From San Francisco to Savannah, Montana to Texas, Amanda Eyre Wards characters are united in their fervent search to find a place where they truly belong. Annie, a librarian in a small mining town, must choose between the only home shes ever known and the possibility of a new future.
Casey, a suburban New Yorker with a wry sense of humor, braves the dating scene after losing her husband. And in six linked stories spanning a decade of her life, Lola Wilkerson navigates elopement, motherhood, and lingering questions about who she wants to be when she grows up.
Whether exploring the fierceness of a mothers love or the consolations of marriage, Amanda Eyre Wards stories are imbued with humor, clear-eyed insight, and emotional richness.
Love Stories in This Town
Should I Be Scared?
I first heard about Cipro at the potluck.
Thank God Ive got Cipro, said Zelda. My doctor prescribed it for a urinary tract infection, and I still have half the pills.
Cipro? I said, my mouth full of artichoke dip.
Honey, said Zelda, where have you been?
It was a cold, clear night in Austin, Texas. After the disgusting heat of summer, the cool was a balm. Zelda wore a giant sweater, knit loosely from rough, rusty-colored wool. She stood next to the barbecue, holding her hands in front of the hot coals. In the kitchen, my husband and his scientist friends concocted an elaborate marinade.
Anthrax, whispered Zelda. She had just begun to date my husbands thesis advisor, and lent an air of glamour to departmental potlucks.
Excuse me? I said. I took a large sip of wine, which had come from a cardboard box.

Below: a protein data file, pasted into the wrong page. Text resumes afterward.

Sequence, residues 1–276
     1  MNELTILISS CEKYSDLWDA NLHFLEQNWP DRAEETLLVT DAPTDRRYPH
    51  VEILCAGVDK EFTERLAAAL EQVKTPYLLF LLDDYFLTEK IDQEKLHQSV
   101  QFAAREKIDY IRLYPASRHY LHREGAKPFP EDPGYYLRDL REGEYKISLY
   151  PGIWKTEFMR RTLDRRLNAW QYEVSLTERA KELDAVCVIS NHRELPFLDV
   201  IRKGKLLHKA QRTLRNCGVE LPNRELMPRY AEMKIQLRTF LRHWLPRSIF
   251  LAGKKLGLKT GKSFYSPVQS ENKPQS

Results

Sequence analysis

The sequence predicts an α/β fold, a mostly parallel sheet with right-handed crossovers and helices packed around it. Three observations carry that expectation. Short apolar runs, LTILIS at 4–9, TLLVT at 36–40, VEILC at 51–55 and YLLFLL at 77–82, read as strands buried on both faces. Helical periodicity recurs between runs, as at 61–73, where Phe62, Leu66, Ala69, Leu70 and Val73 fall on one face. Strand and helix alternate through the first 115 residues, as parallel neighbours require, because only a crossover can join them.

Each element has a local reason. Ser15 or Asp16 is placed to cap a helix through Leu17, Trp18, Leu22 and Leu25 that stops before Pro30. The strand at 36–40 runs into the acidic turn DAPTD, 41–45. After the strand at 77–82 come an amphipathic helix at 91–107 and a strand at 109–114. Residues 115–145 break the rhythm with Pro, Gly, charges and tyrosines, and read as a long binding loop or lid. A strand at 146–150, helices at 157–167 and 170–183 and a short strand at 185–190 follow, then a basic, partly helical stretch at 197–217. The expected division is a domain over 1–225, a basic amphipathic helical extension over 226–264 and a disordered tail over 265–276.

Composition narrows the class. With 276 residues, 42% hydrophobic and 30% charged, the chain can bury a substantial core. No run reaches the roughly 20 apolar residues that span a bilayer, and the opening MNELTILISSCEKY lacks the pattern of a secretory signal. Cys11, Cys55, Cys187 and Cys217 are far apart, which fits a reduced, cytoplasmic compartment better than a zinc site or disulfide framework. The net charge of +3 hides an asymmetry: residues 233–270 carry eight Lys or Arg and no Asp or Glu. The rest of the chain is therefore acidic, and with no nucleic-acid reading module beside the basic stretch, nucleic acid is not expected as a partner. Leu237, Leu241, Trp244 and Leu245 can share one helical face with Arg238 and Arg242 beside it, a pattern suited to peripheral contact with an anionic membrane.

Ciprofloxacin, clarified Zelda, ...
Ward’s stories offer entertaining, light reading punctuated by spurts of messy reality. The mix of heartache and humor, blended with sometimes outlandish circumstances will likely appeal to female readers like me, and most especially to those who are mothers... Negative and positive are nearly balanced in these stories and though we cannot expect the same in real life, this evenness makes for hopeful reading.
(Reviewed by Stacey Brownlie).
Full Review (1016 words).
Saudi Oil Communities
One of the stories in the Lola series finds Lola and her husband living in a Saudi Arabian compound for employees of the British Petroleum oil corporation. Oil companies have operated such managed communities in strategic areas of operation around the world for much of the 20th century and continue to do so today. Dhahran is the largest of four communities run by the Saudi oil company Aramco. Children of Aramco employees ("Aramcons") call themselves "Aramco brats," and their communities resemble military bases in many ways, with common areas, swimming pools, shopping centers, and schools. Aramco even produces its own magazine called Saudi Aramco World, which is published in the United States by an Aramco subsidiary....
If you liked Love Stories in This Town, try these:
Funny, heartbreaking, and alive with a potpourri of eccentric and irresistible characters, Broken for You is a testament to the saving graces of surrogate families, and shows how far the tiniest repair jobs can go in righting the worlds wrongs.
Devastating, evocative, and richly comic, Dark Roots deftly unveils the traumas that incite us to desperate measures and the coincidences that drive our lives. This arresting collection introduces a new master of the short story.
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